Persistence, at least in this case, paid off. But since Takeshi felt nearly as strong a connection to the guitar as Bachman did, an arrangement had to be made. With the Japanese wife of his son Tal (also a musician, best known for the 1990s hit “She’s So High”) acting as interpreter, he negotiated with Takeshi the terms of an exchange. As Bachman tells it, “He said he would give me back my guitar, but I had to find him its twin”: the same model — of which only 35 were made in 1957 — in mint condition with all the same parts and no additional modifications. And for a mere thirty times the $400 price he originally paid, he eventually found that twin. Now all that remains, as soon travel restrictions ease between the U.S. and Japan, is for Bachman and Takeshi to meet up at the Gretsch factory in Nagoya, play a gig together, and take care of business.
At an event celebrating the release of his new memoir, The Storyteller, Dave Grohl paid a visit to the Ford Theatre in Los Angeles and revisited his Nirvana days, playing drums to the original track of “Smells Like Teen Spirit.” It’s a little a remembrance of days long past. Enjoy….
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Over the past 59 years, the duty of performing a James Bond movie theme has fallen to the likes of Tom Jones, Paul McCartney, Carly Simon, Bono, Madonna — and most recently, for the latest installment, No Time to Die, Billie Eilish. But one of the greatest Bond themes ever written has never been heard in any of the movies. This, in any case, is the contention of the video essay above, “How Radiohead Wrote the Perfect Bond Theme.” Commissioned for 2015’s Spectre, the second-most recent film in the series, Thom Yorke and company came up with a song that moves Listening In creator Barnaby Martin to declare, “This is Bond, but it’s also unmistakably Radiohead.”
Like many Bond title themes, Radiohead’s “Spectre” is in a minor key with “added blues notes,” working off the distinctive chord progression composer John Barry employed in the series’ original instrumental theme. And while, like most Bond title-theme performers, Radiohead are popular musicians, their actual work has always refused to align perfectly with straightforward pop-music expectations.
“Spectre” embodies both the band’s “love of rhythmical ambiguity” and their “trademark harmonic ambiguity.” The “beauty and simplicity of the music contrast painfully with the words,” reflecting “perfectly that dichotomy in contemporary Bond: a man struggling to reconcile love and duty.”
As if that weren’t enough, Radiohead’s song also includes unexpected but consummately Bond-esque compositional and instrumental moves. “It’s jazzy but discordant,” says Martin. “It’s a modern re-imagining of John Barry’s big-band orchestrations.” In every section the piece exquisitely maintains the tension between Radiohead and Bond, creating “an instantly compelling and dark musical world. Alas, it was ultimately replaced, ostensibly because the mood of the music and lyrics didn’t fit properly with that of the film: “We had this beautiful song,” lamented director Sam Mendes, “and we weren’t able to use it.” But that hasn’t stopped Bond aficionados from imagining what could have been, and you can get a sense of it in a fan video, previously featured here on Open Culture, that reunites “Spectre” with Spectre.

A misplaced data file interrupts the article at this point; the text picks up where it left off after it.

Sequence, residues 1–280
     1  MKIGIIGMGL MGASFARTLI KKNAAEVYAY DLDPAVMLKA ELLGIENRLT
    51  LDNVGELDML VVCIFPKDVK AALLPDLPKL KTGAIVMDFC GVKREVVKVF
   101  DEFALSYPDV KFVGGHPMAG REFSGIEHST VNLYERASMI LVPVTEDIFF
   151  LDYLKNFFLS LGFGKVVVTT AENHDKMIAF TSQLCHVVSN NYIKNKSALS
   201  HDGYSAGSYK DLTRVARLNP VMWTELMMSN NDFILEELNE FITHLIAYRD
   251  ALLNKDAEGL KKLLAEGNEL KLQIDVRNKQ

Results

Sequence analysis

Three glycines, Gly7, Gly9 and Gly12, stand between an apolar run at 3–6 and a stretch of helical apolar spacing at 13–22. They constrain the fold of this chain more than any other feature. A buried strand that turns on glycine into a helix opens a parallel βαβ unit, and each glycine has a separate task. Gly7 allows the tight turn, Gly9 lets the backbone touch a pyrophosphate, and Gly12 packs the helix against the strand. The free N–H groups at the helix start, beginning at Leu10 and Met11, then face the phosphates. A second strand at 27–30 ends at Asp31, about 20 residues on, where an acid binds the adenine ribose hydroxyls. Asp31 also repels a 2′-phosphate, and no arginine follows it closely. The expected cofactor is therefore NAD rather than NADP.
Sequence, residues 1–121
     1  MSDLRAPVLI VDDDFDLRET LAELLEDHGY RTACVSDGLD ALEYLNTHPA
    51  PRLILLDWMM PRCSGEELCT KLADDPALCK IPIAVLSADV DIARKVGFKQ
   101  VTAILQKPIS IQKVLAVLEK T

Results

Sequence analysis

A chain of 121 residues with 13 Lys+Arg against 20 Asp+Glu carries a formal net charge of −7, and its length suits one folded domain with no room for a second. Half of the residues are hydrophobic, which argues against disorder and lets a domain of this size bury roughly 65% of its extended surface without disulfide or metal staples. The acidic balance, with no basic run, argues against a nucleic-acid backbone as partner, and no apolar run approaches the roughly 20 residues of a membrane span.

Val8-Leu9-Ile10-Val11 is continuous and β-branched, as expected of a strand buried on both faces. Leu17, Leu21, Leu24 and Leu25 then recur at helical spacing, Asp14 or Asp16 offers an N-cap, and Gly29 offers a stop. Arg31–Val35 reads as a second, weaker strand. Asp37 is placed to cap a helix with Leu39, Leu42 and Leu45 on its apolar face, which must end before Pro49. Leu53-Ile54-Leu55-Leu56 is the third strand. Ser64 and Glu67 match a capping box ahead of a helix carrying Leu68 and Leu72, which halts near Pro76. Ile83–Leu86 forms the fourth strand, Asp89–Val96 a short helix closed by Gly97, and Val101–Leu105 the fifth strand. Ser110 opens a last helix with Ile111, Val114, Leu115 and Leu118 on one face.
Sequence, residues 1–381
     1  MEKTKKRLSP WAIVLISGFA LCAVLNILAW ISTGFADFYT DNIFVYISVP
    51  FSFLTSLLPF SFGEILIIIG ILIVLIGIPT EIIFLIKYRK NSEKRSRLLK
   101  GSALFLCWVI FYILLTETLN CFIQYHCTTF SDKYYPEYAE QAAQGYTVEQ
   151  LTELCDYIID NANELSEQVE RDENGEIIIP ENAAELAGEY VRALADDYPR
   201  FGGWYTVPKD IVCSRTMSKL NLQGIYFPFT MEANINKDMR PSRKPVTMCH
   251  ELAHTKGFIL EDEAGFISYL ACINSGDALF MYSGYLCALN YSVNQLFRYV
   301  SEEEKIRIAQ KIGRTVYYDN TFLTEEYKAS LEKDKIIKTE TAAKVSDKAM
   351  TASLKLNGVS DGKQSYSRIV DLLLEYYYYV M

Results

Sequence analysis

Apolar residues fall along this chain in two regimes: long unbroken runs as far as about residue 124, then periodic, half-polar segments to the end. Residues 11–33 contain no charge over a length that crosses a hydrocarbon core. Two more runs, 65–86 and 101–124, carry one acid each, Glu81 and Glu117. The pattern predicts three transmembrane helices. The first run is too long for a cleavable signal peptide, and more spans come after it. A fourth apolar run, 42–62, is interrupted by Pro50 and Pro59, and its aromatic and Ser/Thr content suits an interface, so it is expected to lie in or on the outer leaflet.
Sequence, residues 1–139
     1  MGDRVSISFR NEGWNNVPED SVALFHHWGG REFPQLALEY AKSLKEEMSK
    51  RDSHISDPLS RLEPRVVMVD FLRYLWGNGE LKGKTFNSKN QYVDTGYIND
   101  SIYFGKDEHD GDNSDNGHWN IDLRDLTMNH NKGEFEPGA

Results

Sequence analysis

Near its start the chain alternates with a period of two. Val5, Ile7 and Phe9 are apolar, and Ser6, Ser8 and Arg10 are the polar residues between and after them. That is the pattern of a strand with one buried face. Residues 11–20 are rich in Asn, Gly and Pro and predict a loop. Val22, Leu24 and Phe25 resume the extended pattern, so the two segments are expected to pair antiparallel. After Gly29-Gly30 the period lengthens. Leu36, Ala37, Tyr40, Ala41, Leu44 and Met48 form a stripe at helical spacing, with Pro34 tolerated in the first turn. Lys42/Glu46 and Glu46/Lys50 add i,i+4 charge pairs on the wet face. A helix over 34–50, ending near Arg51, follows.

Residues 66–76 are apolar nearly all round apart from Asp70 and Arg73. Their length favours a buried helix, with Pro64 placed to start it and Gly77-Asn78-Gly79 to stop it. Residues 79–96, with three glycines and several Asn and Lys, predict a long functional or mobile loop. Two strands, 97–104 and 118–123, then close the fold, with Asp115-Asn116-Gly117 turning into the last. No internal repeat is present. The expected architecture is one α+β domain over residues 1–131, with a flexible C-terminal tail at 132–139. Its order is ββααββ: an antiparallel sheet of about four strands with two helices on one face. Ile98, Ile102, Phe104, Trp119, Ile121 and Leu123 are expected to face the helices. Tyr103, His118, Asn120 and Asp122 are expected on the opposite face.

To lysergic acid diethylamide, better known as LSD, we owe much of what has endured from Western popular culture of the mid-20th century: consider, for instance, the latter half of the Beatles’ oeuvre. In Revolution in the Head: The Beatles’ Records and the Sixties, Ian MacDonald describes LSD as “a powerful hallucinogen whose function is temporarily to dismiss the brain’s neural concierge, leaving the mind to cope as it can with sensory information which meanwhile enters without prior arrangement — an uncensored experience of reality which profoundly alters one’s outlook on it.”
So profound is that alteration that some came to believe in a utopia achievable through universal ingestion of the drug: “If there be necessary revolution in America,” declared Allen Ginsberg, “it will come this way.” But most Americans didn’t see it quite the same way. It was for them that CBS made its broadcast “The Hippie Temptation.” Aired in August 1967, three months after the release of Sgt. Pepper’s Lonely Heart’s Club Band, it constitutes an exposé of LSD-fueled youth culture as it effervesced at the time in and around San Francisco’s countercultural mecca of Haight-Ashbury.
“The hippies present a strange problem,” says correspondent Harry Reasoner, later known as the host of 60 Minutes. “Our society has produced them. There they are, in rapidly increasing numbers. And yet there seem to be very few definite ideas behind the superficial glitter of their dress and behavior.” In search of the core of the hippie ideology, which seems outwardly to involve “standing apart from society by means of mutual help and love,” Reasoner and his collaborators delve into the nature of LSD, whose users “may see a wild complexity of images, hear a multiplicity of sounds. This is called ‘taking an acid trip.'”